In 1973; and then sold it in 1981; In 1976 Parker acquired Manpower just as the temporary staffing market was surging. In time Manpower provided more revenue than the pen business. A 1982 spinoff, Sintered Specialties, Inc; became SSI Technologies, a manufacturer of automotive sensors; Subsequently, Parker has abandoned its traditional retail outlets in North America; While some of its former staple Jotter pens may be found in retailers such as Office Depot, the Parker line has been moved to upscale luxury; retailers in an abandonment of its former business model of quality; manufacture combined with mass market appeal and pricing; With this commercial strategic move Parker also altered its traditional product warranty on its high end pens, changing the former lifetime guarantee to a two-year warranty limitation; Parker Pen Co; was an aviation pioneer; The interest of Parker Pen Co; about aircraft came from Kenneth Parker, son of the founder, he enlisted in the fledgling air service and, after flight training at Miami Air Base, Kenneth was assigned to officer training in tactical maneuvers at Pensacola Naval Air Station, Florida; From their first company business plane, the Parker Duo fold Fairchild, they used it as an innovative advertising weapon inviting his dealers; Between the 1920s and 1960s, Parker maintained a considerable air fleet; Key models in the company's history include: Jointless 1899, Jack Knife Safety 1909, Duo fold 1921, Vacumatic 1932, 51; 1941, Jotter 1954; 61; 1956, 45; 1964, 75; 1964 Parker Classic, 1967 Parker 25; 1975; Parker 180; 1977 Arrow; 1982; Vector; 1986; Duo fold International 1987; Parker; 95; 1988; Sonnet; 1993 Parker 100; 2004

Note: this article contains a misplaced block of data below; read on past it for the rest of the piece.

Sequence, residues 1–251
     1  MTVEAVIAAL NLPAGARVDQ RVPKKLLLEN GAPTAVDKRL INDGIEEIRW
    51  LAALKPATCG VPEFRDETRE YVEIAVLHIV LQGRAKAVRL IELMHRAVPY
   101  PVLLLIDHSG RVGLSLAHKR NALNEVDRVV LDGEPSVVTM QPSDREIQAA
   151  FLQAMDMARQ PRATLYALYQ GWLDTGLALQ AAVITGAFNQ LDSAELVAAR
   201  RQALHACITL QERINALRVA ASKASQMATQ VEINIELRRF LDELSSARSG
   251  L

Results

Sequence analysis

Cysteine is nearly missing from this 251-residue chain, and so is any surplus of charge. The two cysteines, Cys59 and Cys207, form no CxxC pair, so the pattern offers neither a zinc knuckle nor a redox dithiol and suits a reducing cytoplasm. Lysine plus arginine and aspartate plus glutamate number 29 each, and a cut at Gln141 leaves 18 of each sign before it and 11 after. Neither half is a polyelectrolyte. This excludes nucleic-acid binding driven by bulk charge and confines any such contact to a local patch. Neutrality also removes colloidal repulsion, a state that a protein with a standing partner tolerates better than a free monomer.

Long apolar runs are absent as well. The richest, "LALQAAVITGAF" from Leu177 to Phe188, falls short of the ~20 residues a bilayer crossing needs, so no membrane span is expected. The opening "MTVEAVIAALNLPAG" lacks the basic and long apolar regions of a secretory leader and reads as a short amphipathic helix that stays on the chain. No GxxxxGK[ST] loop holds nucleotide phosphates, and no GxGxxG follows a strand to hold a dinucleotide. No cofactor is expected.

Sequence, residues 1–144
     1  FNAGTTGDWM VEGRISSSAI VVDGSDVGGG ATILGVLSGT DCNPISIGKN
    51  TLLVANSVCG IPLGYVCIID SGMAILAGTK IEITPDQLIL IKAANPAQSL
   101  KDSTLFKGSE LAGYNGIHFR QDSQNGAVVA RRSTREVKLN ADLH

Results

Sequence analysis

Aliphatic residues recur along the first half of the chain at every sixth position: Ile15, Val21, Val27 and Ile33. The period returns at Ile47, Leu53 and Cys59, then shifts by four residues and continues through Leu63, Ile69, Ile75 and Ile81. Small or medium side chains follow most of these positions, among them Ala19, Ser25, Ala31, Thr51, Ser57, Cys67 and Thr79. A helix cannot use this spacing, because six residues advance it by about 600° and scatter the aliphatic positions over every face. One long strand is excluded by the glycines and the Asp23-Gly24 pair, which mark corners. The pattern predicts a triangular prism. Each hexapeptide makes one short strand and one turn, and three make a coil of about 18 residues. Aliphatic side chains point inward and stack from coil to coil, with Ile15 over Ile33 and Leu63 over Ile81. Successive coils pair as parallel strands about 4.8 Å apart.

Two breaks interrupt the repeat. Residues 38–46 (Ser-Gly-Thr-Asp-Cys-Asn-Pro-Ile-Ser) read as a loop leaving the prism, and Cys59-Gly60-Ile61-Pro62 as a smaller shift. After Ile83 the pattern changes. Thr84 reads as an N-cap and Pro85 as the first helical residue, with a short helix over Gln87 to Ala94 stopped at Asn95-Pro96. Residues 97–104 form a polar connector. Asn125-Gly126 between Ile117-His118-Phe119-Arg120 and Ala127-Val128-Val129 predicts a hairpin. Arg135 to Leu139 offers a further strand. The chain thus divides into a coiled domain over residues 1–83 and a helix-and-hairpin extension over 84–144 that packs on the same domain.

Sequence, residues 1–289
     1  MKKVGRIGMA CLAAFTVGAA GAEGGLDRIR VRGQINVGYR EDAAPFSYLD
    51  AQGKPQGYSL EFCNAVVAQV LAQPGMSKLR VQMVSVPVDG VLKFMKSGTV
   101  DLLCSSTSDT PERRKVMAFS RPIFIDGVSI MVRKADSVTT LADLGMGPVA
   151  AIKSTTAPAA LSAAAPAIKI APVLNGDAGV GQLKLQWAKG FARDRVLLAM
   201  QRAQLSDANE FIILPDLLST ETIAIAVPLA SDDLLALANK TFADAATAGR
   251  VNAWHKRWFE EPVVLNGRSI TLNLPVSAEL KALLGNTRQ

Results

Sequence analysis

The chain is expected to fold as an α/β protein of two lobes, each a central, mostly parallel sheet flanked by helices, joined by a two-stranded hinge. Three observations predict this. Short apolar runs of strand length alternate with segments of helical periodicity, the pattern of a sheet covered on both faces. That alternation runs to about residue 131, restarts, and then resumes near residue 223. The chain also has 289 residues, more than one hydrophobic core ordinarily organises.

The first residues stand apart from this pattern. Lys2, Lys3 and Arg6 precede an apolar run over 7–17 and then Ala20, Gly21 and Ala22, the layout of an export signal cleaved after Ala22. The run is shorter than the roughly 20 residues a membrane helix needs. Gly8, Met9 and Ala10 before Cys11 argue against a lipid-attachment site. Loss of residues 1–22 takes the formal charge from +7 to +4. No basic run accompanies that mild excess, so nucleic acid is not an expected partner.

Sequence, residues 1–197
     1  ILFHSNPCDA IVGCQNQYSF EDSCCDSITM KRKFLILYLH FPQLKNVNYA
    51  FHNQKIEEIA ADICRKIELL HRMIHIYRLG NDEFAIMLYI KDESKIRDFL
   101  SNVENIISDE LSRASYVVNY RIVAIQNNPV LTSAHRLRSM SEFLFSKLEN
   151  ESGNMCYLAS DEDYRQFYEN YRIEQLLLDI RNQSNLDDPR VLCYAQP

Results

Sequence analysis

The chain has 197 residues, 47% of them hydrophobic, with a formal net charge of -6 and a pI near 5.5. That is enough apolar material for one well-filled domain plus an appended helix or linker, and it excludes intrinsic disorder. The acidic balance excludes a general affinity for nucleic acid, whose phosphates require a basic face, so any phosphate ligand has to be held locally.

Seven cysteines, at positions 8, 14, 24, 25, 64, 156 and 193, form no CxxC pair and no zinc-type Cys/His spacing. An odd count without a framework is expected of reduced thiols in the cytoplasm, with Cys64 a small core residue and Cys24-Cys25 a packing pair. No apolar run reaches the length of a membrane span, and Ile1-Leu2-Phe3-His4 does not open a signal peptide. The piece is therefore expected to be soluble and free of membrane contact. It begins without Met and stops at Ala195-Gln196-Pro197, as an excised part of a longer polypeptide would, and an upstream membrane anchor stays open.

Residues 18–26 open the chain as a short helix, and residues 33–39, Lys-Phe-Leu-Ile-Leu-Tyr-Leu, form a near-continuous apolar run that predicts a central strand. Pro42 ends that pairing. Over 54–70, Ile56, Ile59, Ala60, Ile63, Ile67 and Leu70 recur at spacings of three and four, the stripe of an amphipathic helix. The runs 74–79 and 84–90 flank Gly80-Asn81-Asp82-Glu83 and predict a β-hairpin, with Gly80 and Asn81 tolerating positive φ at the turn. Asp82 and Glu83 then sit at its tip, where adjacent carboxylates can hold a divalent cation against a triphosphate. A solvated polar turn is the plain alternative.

PARKER's Philosophy behind 25 Parker.